August was a strong month in a not-so stellar year for overall car sales, and it saw the continued growth of everyone’s favorite trend: crossover and truck numbers dominating sedans and coupes.
Toyota/Lexus (248,334 sales | ⇣ 0.7 percent YTD)
The combined numbers of Toyota and Lexus is always impressive: 248,334 vehicles sold in August, 12.3 percent up YOY. Every single Toyota SUV nameplate piled up gains, including the segment-leading RAV4 (48,481), the venerable 4Runner (13,258), the ancient Sequoia (1,122), and the suddenly endangered Land Cruiser (283). Nearly every car model rose too, including the just-launched Supra (643) despite all the dealer markup nonsense.
Toyota’s recent investments in new versions of the Camry, Corolla, and Avalon look to be staving off the sedan-apocalypse for the moment. But the signs are still there—in particular, the fact that the truck/SUV share of Toyota’s sales volume continues to tick up, from 62 percent in July to 65 percent in August.
Lexus also gained on last year’s August, though not by quite as impressive a margin: 4.6 percent, landing at 29,931. That’s still good enough to beat all the Germans. More than a third of that total comes from the Lexus RX crossover, with the ES sedan the only other significant volume seller at a hair over 5,600.
Honda/Acura (173,993 sales | ⇡ 1.7 percent YTD)
Honda North America sold 173,993 vehicles in August for its best month in history, with Honda (158,804) and Acura (15,189) both up year-over-year and month-over-month. It should be no surprise that the top selling car was the Honda Civic with 34,808 driven off the lot, while 44,235 Honda CR-Vs found new owners. Both models enjoyed double digit growth compared to this time last year even as crossovers remain Honda’s hottest segment.
Acura’s numbers are more interesting. The scale is a lot smaller, but Acura’s SUV sales are actually down from last year, while its rising car sales are what lifted its overall numbers. It was a great month for the compact ILX and midsize TLX sedans—both up double digits YOY—–and even the American-made NSX supercar jumped 66 percent from last August.
Nissan/Infiniti (127,230 sales | ⇣ 5.9 percent YTD)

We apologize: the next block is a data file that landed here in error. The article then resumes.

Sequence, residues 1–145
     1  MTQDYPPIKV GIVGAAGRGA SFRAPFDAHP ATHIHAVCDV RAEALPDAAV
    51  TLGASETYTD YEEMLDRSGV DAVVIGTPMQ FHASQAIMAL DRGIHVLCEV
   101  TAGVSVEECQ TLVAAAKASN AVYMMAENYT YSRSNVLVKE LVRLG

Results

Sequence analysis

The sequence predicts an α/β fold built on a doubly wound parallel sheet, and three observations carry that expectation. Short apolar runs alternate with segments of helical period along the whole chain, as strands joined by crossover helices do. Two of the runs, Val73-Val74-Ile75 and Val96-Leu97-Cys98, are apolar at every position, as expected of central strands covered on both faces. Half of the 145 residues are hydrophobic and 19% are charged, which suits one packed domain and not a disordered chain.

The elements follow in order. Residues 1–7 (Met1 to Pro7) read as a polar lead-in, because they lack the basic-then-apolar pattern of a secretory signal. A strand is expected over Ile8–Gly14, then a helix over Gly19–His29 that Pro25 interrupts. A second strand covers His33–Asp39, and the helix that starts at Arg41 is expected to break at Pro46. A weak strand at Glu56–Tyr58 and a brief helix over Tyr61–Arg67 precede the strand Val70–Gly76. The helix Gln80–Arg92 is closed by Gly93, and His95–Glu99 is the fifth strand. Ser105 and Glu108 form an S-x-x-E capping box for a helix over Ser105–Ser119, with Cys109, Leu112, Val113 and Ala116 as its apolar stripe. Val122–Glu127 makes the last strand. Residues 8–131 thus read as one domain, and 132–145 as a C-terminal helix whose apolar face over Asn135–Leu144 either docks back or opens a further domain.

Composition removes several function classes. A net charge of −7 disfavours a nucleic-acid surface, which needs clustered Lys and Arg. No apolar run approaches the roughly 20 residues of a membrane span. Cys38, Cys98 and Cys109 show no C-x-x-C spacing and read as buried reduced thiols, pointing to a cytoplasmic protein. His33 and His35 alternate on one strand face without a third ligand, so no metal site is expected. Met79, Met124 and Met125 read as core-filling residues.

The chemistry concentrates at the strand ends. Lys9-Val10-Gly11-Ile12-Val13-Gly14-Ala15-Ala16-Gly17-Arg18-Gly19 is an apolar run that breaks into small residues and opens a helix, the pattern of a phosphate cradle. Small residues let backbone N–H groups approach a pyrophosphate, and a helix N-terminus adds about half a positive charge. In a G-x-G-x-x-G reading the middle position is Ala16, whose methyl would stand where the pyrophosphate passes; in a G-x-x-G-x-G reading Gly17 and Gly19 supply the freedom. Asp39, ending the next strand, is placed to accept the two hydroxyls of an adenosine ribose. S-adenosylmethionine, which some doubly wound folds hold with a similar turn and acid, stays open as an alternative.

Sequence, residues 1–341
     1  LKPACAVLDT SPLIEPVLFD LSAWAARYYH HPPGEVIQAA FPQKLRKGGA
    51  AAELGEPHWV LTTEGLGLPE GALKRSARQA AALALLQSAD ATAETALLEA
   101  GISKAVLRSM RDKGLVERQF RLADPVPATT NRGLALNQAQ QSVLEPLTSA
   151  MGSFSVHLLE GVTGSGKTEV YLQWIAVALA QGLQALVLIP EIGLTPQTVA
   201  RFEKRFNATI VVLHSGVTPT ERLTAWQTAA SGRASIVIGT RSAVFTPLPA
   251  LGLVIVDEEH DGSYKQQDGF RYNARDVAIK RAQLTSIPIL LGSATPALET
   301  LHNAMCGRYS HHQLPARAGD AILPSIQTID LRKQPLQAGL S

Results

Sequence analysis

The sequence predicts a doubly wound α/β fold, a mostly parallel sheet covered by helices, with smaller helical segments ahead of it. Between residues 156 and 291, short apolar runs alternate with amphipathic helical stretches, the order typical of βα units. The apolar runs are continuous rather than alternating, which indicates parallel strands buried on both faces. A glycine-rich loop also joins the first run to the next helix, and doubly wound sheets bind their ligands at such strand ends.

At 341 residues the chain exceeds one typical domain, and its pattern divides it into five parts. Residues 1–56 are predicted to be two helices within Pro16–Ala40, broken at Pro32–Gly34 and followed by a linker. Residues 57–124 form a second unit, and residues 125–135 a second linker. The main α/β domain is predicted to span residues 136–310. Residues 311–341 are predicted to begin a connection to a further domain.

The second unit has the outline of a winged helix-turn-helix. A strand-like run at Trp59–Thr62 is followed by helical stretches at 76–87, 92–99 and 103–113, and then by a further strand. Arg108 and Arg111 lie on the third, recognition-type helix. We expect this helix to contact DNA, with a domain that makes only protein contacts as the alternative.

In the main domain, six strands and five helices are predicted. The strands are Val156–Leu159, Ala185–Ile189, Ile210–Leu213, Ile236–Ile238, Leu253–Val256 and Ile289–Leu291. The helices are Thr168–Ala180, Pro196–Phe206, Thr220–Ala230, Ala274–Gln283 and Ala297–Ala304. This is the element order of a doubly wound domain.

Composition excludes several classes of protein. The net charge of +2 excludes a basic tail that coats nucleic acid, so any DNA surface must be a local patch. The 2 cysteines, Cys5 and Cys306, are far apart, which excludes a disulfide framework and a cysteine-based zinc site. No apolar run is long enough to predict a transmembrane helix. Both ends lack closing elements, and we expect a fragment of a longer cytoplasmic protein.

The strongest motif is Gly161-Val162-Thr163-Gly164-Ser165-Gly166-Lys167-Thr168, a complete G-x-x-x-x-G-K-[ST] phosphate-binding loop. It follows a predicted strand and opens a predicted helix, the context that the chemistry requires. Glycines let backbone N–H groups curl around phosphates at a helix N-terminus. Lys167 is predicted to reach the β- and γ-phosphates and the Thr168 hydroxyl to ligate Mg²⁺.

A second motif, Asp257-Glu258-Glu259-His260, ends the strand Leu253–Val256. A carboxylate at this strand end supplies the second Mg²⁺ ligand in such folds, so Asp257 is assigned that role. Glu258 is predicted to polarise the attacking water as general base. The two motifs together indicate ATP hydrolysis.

Nissan Group sold 127,230 units in America, a 13.2 percent increase over August 2018. Most of that gain came from Nissan side, which moved 118,045 cars for a double-digit year-over-year boost. Meanwhile, Infiniti was down 14.9 percent to 9,185 units. We won’t sugarcoat it—that’s not a great sign for a marque with a mostly-aging lineup. The luxury automaker is scheduled to withdraw from the European market next year due to poor sales, and rumor has it that it’ll be leaving Australia at the same time.
Nissan’s biggest seller is the Nissan Rogue, at 41,629. That’s good, but it’s now in a fairly distant third place behind the Toyota RAV4 and Honda CR-V in the all-important small crossover category, and it also includes the numbers from the similar-but-not-the-same Nissan Rogue Sport. Elsewhere on the truck side, the midsize Nissan Frontier pickup continues to defy expectations with 5,888 sold and a nearly 30 percent jump over last August. Nissan sold nearly twice as many trucks and SUVs as cars.
Subaru (70,039 sales | ⇡ 6.1 percent YTD)
Everything’s coming up Subaru; the Japanese marque had its best month ever in America in August at 70,039 sold. It was also the 93rd consecutive month of slow, steady growth for Subaru of America. But that success belies a few facts—lately, much of the glory goes to the three-row Ascent, the good ol’ Forester, and the booming Crosstrek, which combined account for well over half of Subaru’s sales. Meanwhile, every Subie sedan is way off, including the WRX (down 25 percent YOY at 1,876). The Outback is still a volume seller at 17,110.
Hyundai (63,737 sales | ⇡ 4.2 percent YTD)
Hyundai also saw a strong month with a 12 percent increase over last year to reach 63,737 total sales in August—only a tenth of which went to the nation’s vast rental fleets, according to the company. Even though SUVs accounted for more than half of that volume, Hyundai’s best-selling vehicle in America remains the Elantra sedan. But the Hyundai Tucson is behind by less than a few hundred units and looks poised to snatch the crown soon enough. Buyers are also taking to the new three-row Hyundai Palisade with just over 5,000 sold.
Kia (60,730 sales | ⇡ 4.6 percent YTD)
Kia Motors America had one of its best months ever in August, moving 60,730 vehicles to climb 4.6 percent ahead for the year compared to this point in 2018. That’s in large part thanks to the handsome Kia Telluride being snatched up by 6,374 buyers last month. The three-row SUV is an unambiguous hit, already padding Kia’s YTD total with 34,160 extra units they didn’t sell last year. The lineup in totality is slightly more up-and-down—cars like the Rio, Forte, Optima, and Stinger are either flat or slipping a bit for 2019, but not dramatically enough to warrant any real concern. What should be slightly more concerning for Kia is that its midsize Sorento crossover continues to lose market share as it slides to 9,160 sales in August. The should-be-a-sure-thing small CUV Niro is also struggling as manufacturers seem to have found the limit of right-sizing crossovers.
Volkswagen (35,412 sales | ⇡ 6.6 percent YTD)